As a consequence of funding issues, the Hillsborough Area Regional Transit Authority (HART) made sweeping changes to its bus system last fall, cutting nearly 20 percent of all routes.The decision alienated some County Commissioners, unhappy with the level of service reductions in their districts.
HART staff heard those objections loud and clear, saying they intended to tweak the system after a few months.
At a news conference Monday in Brandon, officials announced that they were doing just that.
The agency is claiming the new changes will increase frequency on key routes, reduce wait times and provide faster connections for customers.
“Implementing these enhancements allows us to better align our services and routes to best meet the needs of our customers, and ensure they have a great experience when they ride HART,” said HART Interim CEO Jeff Seward. “Enhancements through Mission MAX have provided HART with a solid foundation of high-quality bus service that we can build on as our community grows.”
“I’m proud of the work and investment my colleagues on the Hillsborough County Commission took in supporting HART and realizing this round of enhancements,” Hillsborough County Commission Chair and HART board member Stacy White said in a statement.
White was among the most vocal of critics of HART’s “Mission Max” plan when it was announced last fall, declaring that many of his bus riding constituents in Eastern Hillsborough County “got hosed,” and that it was “terrible for residents in unincorporated Hillsborough.”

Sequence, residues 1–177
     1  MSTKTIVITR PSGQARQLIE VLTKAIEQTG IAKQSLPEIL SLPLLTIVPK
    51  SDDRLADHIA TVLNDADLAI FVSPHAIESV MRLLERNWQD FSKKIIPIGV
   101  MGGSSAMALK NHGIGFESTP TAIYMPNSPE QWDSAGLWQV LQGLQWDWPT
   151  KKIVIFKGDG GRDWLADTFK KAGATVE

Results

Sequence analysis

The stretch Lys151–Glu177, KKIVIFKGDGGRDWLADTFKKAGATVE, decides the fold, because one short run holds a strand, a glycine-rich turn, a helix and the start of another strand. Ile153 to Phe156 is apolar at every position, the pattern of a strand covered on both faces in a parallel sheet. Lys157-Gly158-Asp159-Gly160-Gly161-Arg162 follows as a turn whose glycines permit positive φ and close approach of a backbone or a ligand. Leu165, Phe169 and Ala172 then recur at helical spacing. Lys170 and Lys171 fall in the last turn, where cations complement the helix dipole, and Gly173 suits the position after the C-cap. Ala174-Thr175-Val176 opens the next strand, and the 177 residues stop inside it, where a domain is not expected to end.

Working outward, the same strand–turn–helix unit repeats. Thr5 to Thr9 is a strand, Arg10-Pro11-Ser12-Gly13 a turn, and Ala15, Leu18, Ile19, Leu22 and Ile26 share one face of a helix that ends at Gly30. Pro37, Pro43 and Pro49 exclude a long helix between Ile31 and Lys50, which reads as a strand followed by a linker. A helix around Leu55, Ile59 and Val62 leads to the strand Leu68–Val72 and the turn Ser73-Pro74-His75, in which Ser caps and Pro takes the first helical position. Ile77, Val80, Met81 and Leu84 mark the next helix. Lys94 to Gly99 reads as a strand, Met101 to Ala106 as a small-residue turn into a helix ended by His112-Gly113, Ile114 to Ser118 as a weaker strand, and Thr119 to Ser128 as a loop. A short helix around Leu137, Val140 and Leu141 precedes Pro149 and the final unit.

The proposed route cuts announced last summer expect to save HART $5.8 million annually, with a fleet reduction during peak hours from 157 buses to 121.
Some of the agency’s busiest routes in Tampa run through City Councilman Frank Reddick’s district. He said the service improvements “will greatly benefit current passengers and future passengers of HART.”
HART Board Chair and County Commissioner Les Miller has bemoaned the agency’s lack of funding and continues to say that he is supportive of the idea of raising the agency’s tax rate, while Commissioner Sandy Murman has said she intends at some point to introduce a proposal to financially support the agency over the next few years.
Commissioner Pat Kemp has argued for the county to give more funding to the board as well, though that idea has not received any traction with her board colleagues.
Route changes can be accessed online. They will go into effect Sunday, Feb. 25.